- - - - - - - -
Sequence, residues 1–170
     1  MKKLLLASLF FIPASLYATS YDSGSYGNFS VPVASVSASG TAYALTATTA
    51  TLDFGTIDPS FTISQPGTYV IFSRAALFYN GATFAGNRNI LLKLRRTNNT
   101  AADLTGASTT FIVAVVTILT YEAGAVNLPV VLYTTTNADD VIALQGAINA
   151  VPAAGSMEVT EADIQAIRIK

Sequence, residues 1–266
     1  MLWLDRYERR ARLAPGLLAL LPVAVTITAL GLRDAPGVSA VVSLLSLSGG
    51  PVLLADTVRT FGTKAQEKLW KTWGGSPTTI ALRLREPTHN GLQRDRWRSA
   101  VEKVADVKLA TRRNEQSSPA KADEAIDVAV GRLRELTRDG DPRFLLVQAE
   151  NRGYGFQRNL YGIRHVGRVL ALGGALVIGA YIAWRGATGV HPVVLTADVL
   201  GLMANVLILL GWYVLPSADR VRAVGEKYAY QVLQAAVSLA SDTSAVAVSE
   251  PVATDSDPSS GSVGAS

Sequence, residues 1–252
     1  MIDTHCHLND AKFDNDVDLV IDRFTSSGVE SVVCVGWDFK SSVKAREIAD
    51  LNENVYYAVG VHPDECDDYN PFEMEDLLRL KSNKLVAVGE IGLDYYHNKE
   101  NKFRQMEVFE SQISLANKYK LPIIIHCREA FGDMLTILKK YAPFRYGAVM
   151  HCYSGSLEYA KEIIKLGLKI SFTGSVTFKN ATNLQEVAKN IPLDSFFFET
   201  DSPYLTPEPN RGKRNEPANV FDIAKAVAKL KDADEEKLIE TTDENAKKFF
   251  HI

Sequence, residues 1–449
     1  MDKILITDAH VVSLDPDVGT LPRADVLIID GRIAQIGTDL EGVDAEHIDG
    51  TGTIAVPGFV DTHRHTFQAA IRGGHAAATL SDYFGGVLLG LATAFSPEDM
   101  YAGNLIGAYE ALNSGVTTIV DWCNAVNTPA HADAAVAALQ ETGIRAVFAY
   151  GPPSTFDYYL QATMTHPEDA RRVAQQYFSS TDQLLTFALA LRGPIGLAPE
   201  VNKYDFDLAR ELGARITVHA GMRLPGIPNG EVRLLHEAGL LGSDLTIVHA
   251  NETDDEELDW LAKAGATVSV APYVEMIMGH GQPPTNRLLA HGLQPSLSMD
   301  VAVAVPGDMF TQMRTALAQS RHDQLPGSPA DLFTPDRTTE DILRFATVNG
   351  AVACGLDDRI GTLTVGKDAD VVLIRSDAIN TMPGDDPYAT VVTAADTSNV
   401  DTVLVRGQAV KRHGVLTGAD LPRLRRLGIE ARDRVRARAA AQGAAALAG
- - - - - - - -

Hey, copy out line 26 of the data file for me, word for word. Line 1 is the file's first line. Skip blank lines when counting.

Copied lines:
   251  NETDDEELDW LAKAGATVSV APYVEMIMGH GQPPTNRLLA HGLQPSLSMD